Gomoku is a two-player strategy board game that was most likely to have been originated in China. The game is typically played on a 15 x 15 sized board. Each player is represented by either white or black game pieces. The game the played until 5 of the same colored pieces are in a row. In the process of programming this game I conducted a literature review to see various other approaches that were taken to program this same board game by others.  The literature review compared various implementations which utilized different designs of artificial intelligence.  Each applied utilized distinct algorithms, networks, and models which yielded a variety of results. Moving forward in my research, I will use the comparison to determine the best approach in programming gomoku myself.

  • The Fourth Dimension in Paintings by Hemi Park

In the late 19th and early 20th centuries, the concepts of the fourth dimension and non-Euclidean spaces beyond our immediate perception encouraged radical innovations and developments in early modern art. Specifically, I examined the relationships between the fourth dimension and three modern paintings: Salvador Dali’s Corpus Hypercubus, Pablo Picasso’s Les Demoiselles d’Avignon, and Kazimir Malevich’s Black Square.

  • Internship Experience at United Water by Julia Senkevich

This past summer I had the opportunity to work at a water company that services numerous counties in New Jersey and New York. I shadowed and worked with many civil engineers, and learned a lot about the water distribution system. I was assigned various tasks and for many of them I needed to learn and use a few of their computer systems. One of these computer systems was a geographical information system which maps out United Water’s services. My main task in utilizing this computer system was to approve that other jobs within the counties did not break a main water system.  In addition, I was able to observe some fieldwork, and learned the procedure that goes into these jobs. Throughout my internship I learned valuable lessons in fast-acting problem solving. 

  • Internship at Team Children by Samantha Birabaharan

This Fall semester I had the opportunity to intern at a nonprofit company that refurbishes old computers to give to families in need. During this time I observed the inner workings of a nonprofit and was able hear the stories of the families that received help. I worked with a variety of people ranging in ages from 16-85 years old that have all helped me learn a different skill set whether technical or social. This talk will focus on how this internship has been a truly humbling and great learning experience for future work environments and life in general.   

  • Big Data and Cloud Computing Proof of Concept by  Zachary Kronicz 

This summer I was brought on to PennDoT’s data administrative division to assist on a big data and cloud computing proof of concept. There were no main business objectives, the main goal of the proof of concept was to simply gain technical experience with the technologies used to handle big data. I researched  Microsoft Azure HDInsight platform which handles all of the cloud based technology for Microsoft. Then I implemented the platform and ran tests to compare time and costs. This met my secondary objective, to compare and contrast not performance metrics and cost tradeoffs between different platforms .The main questions they wanted answered were, “at what point does data become cheaper to store on the cloud rather than on premises?” And “what are the cost implications in each case?”.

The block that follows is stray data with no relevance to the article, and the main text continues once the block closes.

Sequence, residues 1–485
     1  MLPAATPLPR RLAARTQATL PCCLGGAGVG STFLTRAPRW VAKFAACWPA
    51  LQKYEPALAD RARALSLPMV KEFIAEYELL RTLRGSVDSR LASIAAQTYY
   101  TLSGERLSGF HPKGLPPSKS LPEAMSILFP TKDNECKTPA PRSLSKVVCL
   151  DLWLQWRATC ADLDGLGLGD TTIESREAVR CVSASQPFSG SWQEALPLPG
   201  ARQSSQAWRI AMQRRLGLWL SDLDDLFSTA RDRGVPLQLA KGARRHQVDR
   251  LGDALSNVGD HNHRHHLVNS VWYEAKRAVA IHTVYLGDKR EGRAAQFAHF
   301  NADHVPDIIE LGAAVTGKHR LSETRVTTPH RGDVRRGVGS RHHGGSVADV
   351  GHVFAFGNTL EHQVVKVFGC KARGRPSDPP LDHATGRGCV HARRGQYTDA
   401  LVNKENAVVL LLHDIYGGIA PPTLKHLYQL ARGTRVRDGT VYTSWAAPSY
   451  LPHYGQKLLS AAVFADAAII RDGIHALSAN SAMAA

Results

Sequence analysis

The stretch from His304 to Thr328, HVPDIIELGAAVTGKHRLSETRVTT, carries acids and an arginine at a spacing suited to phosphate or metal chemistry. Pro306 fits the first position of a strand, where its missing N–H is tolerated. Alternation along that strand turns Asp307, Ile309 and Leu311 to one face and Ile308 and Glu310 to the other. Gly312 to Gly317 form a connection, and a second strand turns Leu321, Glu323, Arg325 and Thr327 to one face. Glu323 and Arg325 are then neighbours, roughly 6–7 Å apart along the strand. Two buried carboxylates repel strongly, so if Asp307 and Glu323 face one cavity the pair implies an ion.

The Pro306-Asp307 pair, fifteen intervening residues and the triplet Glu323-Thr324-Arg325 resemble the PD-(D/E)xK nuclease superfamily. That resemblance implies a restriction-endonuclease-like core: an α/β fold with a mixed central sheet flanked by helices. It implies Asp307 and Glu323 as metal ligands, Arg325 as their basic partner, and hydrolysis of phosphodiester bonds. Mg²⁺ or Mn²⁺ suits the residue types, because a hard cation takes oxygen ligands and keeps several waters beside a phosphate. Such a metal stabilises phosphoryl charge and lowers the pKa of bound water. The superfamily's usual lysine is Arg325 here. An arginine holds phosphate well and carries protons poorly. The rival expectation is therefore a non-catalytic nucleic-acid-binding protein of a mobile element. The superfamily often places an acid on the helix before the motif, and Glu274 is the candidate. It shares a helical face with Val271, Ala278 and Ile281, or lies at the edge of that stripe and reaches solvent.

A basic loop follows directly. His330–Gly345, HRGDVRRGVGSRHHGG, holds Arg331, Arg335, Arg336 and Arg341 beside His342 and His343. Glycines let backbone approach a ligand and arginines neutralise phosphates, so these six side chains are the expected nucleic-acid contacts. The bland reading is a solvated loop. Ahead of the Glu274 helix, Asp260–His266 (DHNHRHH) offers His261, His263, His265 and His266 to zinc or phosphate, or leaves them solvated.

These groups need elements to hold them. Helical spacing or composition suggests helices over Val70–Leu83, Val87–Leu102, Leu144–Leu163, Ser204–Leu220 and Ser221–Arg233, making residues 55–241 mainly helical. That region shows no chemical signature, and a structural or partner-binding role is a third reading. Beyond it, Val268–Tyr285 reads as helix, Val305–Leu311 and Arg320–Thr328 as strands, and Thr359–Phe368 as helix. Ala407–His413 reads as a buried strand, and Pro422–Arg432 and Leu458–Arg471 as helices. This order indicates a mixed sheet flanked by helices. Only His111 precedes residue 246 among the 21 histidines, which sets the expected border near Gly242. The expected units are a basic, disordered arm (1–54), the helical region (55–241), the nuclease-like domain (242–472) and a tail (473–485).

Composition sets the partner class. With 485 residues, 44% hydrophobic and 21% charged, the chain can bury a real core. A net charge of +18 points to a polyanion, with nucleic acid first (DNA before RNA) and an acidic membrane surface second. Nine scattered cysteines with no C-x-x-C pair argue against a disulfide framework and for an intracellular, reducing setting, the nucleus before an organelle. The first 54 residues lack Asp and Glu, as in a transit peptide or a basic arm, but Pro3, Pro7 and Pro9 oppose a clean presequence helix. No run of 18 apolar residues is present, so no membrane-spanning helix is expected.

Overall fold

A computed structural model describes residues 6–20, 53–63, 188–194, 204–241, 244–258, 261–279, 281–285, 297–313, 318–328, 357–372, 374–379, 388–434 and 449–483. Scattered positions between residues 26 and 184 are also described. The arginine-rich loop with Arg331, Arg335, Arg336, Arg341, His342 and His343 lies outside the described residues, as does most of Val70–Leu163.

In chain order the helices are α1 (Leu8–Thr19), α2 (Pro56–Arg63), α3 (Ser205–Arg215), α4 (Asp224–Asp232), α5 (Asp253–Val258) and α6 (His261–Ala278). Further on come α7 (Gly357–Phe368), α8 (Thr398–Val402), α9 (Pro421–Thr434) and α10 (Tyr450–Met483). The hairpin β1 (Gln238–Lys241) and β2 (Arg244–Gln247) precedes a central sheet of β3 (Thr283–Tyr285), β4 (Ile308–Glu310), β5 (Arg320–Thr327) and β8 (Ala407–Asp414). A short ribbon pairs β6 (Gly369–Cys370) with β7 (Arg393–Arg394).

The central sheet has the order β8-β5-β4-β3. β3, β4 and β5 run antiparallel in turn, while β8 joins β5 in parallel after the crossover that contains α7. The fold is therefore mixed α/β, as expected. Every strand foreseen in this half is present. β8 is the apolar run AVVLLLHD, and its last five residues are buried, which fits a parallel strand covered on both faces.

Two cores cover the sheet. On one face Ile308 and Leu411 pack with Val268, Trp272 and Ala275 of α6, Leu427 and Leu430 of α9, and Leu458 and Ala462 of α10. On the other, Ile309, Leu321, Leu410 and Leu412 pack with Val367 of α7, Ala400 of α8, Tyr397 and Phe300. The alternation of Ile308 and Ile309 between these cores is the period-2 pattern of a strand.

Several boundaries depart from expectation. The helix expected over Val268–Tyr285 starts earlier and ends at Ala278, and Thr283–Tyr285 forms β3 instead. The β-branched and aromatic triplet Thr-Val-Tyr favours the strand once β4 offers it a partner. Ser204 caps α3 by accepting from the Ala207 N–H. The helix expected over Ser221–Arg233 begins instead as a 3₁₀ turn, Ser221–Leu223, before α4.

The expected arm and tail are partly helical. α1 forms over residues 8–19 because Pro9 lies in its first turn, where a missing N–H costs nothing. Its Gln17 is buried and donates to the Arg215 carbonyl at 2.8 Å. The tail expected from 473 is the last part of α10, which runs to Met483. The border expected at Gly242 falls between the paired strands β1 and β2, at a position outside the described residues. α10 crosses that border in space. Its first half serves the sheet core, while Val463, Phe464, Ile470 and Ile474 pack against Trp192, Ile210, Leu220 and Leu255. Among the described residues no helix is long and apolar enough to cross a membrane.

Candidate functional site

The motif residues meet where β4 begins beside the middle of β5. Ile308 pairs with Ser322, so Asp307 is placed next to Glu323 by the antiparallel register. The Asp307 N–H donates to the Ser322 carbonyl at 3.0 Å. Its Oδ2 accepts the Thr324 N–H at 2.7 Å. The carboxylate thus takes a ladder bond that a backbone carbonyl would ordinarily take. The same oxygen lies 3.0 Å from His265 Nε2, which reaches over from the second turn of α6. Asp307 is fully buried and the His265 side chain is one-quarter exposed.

• Seizure Score App by David Sinda 

According to the national epilepsy foundation, approximately 1 in 26 people will develop epilepsy at some point in their lifetime. Epilepsy, a chronic condition of the brain, is characterized by seizures, which are physical reactions to sudden brief excessive electrical discharges in the brain. Seizures are often brought on by triggers such as, bright lights, loud noises, sleep deprivation, and dehydration.  Anyone can experience a seizure at any time. The Seizure Score project will analyze an individual’s own heart rate in order to track and identify triggering conditions that may result in a seizure.  The app also provides data analysis using data mining tools to help the user and his/her medical team identify seizure patterns so that treatment plans and activities can be adjusted to reduce the number of epileptic episodes.

  •  Internship Experience at Jetsum Technology in China by Jingyun Wang

This past summer I had the opportunity to work at an Information Technology Company that maintains and builds network systems and websites for numerous small and middle sized enterprises. I worked in a team of web developers to develop websites for a publishing company, a hospital, and a construction company. The largest challenge I encountered was translating my American programming education to program in China. I also had to learn Dreamweaver and Photoshop to incorporate in the ascetics of the website.  In addition, I realized the importance of HTML5 rather than HTML because of the number of users in China compared to the speed of the language. Utilizing HTML5 allowed for greater mobility. Applying these skills made me a better web developer and are useful for my future as a web developer. 

  • Fermat’s Last Theorem by Hakim Wiggins 

Pierre de Fermat was a French mathematician that lived during the 17th century. Prior to his death Fermat published a proof that stated no three positive integers a, b, c satisfy the equation a^n + b^n=c^n for any integer value of n greater than two. The cases were n=1,2 have various solutions. However, the myserty of this statement is when n=2. The first accepted proof was published 358 years later, in 1995. The study of this proof and years of attempts at this proof developed what is known as the study of algebraic number theory. Thus, this proof has led to the study of number theory. Fermat claimed to have completed the proof before his death but the completed proof has yet to be found.